Job’s repentance was the kind spoken of by Joel the prophet, “And rend your heart, and not your garments, and turn unto the LORD your God: for he is gracious and merciful, slow to anger, and of great kindness, and repenteth him of the evil” (Joel 2:13). His was not sorrow for consequences or the sorrow of the world in outward show. His was a godly sorrow, a sorrow of the heart, and a real sorrow for sin in his flesh. His thoughts ran with the Psalmists who said, “Who can understand his errors? cleanse thou me from secret faults. Keep back thy servant also from presumptuous sins; let them not have dominion over me: then shall I be upright, and I shall be innocent from the great transgression. Let the words of my mouth, and the meditation of my heart, be acceptable in thy sight, O LORD, my strength, and my redeemer” (Psalm 19:12-14). Oh for hearts that will sorrow over sin! The Psalmists seeks cleansing from secret faults. Sins so subtle in the flesh that he has not discovered them.

If we draw near to God we will discover our own unworthiness. We will fall on our faces and plead with Him to be delivered from sin. If we desire to be an inner court worshiper we must come into His presence. “He that dwelleth in the secret place of the most High shall abide under the shadow of the Almighty” (Psalm 91:1).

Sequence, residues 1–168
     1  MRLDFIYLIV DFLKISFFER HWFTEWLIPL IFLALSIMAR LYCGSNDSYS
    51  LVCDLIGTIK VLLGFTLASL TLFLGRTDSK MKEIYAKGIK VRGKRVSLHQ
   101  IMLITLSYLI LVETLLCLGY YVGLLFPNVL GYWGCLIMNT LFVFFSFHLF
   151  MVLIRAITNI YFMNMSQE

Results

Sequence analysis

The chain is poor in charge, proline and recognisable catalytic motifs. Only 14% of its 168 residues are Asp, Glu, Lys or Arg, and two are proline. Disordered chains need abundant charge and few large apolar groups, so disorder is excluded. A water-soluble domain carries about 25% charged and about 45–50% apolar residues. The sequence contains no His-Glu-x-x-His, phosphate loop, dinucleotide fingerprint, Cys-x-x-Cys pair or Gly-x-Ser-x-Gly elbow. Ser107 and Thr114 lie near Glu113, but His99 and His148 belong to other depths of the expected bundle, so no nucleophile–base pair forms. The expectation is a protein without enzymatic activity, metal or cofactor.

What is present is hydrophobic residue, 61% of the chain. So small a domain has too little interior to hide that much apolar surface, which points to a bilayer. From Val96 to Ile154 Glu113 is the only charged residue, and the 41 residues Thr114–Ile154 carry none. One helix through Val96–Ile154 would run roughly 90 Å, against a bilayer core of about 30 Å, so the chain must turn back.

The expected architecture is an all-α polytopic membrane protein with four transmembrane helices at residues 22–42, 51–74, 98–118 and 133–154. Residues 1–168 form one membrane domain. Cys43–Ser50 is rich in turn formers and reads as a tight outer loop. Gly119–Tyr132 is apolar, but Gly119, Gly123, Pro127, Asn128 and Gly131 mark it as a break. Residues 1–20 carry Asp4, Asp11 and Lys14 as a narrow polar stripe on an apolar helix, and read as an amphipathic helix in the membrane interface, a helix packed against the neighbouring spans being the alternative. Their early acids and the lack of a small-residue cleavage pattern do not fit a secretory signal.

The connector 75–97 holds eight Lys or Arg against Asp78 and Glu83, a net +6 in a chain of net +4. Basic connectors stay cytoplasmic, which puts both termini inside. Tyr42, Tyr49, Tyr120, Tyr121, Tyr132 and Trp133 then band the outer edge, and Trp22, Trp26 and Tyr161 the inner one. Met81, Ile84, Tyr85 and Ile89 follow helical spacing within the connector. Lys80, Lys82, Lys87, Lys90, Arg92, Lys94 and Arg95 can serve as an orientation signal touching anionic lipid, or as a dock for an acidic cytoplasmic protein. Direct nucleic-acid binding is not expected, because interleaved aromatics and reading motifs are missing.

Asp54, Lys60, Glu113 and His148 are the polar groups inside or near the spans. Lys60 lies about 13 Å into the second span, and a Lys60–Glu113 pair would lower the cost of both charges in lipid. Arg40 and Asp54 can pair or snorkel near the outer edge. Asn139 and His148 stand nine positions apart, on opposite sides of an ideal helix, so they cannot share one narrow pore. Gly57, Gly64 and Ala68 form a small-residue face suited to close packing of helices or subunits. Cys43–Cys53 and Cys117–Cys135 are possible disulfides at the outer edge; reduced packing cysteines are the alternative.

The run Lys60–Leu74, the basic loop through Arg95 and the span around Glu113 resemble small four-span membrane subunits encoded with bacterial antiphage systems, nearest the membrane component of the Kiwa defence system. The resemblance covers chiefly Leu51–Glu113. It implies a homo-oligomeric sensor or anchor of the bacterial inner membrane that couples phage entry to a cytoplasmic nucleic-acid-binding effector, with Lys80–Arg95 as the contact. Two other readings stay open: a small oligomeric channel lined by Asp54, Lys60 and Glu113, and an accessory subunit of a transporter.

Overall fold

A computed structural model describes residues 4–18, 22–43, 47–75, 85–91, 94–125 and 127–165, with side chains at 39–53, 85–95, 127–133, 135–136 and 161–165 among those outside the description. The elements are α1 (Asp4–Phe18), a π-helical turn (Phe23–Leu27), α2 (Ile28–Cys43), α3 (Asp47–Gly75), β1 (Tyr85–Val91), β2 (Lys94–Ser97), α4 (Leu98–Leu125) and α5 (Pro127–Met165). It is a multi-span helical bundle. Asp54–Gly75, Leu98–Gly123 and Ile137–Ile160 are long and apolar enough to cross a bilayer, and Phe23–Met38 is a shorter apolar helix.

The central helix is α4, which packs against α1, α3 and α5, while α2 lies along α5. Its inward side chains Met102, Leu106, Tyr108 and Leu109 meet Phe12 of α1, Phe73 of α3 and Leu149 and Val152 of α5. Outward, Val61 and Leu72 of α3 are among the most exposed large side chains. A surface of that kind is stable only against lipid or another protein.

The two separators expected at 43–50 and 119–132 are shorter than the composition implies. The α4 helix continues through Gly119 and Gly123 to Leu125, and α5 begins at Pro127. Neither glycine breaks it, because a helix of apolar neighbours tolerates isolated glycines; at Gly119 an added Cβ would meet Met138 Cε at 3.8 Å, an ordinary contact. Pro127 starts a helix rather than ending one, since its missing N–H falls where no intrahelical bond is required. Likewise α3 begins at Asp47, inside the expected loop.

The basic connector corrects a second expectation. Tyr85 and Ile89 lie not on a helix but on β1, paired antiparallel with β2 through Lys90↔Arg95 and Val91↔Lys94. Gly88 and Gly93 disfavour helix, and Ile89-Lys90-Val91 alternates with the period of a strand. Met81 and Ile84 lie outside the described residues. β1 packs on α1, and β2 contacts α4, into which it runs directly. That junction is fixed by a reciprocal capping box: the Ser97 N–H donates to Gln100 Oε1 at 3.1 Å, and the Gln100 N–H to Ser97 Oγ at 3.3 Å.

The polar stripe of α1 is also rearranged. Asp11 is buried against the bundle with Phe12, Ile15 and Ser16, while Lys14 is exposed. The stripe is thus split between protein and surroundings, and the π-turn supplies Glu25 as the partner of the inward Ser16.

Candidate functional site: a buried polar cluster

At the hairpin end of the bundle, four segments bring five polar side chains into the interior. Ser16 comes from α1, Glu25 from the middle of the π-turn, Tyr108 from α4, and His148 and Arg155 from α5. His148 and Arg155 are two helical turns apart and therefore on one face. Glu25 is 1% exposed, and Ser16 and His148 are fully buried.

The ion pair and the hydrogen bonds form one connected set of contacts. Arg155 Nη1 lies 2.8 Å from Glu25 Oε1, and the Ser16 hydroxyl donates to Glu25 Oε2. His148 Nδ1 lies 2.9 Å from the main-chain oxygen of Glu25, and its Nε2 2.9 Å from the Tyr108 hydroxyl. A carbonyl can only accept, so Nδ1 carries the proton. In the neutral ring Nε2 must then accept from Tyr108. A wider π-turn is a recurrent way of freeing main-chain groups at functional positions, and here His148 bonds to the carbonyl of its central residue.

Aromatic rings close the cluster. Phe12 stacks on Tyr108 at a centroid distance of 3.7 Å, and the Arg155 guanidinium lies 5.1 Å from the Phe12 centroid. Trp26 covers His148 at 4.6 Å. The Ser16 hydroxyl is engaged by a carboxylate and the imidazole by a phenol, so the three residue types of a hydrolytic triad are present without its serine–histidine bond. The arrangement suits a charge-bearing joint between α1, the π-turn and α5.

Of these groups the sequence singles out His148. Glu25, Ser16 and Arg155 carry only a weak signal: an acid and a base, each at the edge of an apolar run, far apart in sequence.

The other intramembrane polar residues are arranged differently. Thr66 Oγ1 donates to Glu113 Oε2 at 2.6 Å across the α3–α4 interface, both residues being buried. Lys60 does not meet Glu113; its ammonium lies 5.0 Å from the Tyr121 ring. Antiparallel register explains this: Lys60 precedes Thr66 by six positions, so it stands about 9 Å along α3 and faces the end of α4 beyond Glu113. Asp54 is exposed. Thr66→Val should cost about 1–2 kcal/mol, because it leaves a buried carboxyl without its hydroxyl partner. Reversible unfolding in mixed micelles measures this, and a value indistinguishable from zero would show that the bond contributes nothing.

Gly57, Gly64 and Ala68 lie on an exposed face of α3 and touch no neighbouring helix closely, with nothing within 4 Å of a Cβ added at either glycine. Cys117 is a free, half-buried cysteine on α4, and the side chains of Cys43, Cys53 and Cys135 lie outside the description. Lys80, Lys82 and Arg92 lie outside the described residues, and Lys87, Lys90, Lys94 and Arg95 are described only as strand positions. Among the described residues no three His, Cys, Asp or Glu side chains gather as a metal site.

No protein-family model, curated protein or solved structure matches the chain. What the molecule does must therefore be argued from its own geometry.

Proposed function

Do you wish to find the joy that exists in His presence? Do you wish to be of those that “sat down under his shadow with great delight” (Song of Solomon 2:3)? Then get serious about repentance. Fall on your face before the High God and pour out your heart in all honesty. Stop rationalizing and justifying your sins. Don’t say, “Well, I haven’t done anything all that bad.” God says in His Word, “Return, ye backsliding children, and I will heal your backslidings” (Jeremiah 3:22).

Psalm 73:28

“But it is good for me to draw near to God:
I have put my trust in the Lord GOD,
that I may declare all thy works.”

~ Psalm 73:28